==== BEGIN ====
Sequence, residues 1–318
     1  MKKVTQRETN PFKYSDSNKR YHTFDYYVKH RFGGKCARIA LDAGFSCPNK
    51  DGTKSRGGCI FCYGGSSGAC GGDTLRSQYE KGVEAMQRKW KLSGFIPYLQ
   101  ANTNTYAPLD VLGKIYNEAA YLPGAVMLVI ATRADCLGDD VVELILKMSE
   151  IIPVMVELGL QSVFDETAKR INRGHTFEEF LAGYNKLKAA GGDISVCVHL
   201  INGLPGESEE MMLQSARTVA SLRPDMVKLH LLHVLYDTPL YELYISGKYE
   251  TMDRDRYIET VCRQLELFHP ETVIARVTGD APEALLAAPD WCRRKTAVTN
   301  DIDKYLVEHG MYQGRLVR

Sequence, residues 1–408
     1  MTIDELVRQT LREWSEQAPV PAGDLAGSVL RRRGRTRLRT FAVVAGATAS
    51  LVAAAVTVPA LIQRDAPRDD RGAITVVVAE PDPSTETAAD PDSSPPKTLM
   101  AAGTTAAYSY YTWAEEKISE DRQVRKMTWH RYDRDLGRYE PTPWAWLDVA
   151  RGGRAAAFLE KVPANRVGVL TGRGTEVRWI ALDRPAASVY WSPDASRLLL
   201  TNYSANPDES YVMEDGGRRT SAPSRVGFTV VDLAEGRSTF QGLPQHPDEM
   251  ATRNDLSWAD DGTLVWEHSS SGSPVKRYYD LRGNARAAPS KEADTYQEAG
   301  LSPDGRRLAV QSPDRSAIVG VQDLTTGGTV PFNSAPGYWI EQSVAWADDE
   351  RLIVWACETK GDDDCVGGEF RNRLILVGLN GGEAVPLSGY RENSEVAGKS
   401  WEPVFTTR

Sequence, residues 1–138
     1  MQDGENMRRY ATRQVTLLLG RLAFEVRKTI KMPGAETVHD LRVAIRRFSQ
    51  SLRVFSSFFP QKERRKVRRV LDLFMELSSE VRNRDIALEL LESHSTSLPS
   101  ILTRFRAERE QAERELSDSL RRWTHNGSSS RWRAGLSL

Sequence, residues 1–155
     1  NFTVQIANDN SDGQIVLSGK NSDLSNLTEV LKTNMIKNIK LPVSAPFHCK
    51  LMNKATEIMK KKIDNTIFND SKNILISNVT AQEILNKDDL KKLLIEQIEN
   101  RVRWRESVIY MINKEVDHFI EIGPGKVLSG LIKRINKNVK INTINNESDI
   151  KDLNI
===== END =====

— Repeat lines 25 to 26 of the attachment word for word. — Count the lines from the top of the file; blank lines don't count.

    51  LMNKATEIMK KKIDNTIFND SKNILISNVT AQEILNKDDL KKLLIEQIEN
   101  RVRWRESVIY MINKEVDHFI EIGPGKVLSG LIKRINKNVK INTINNESDI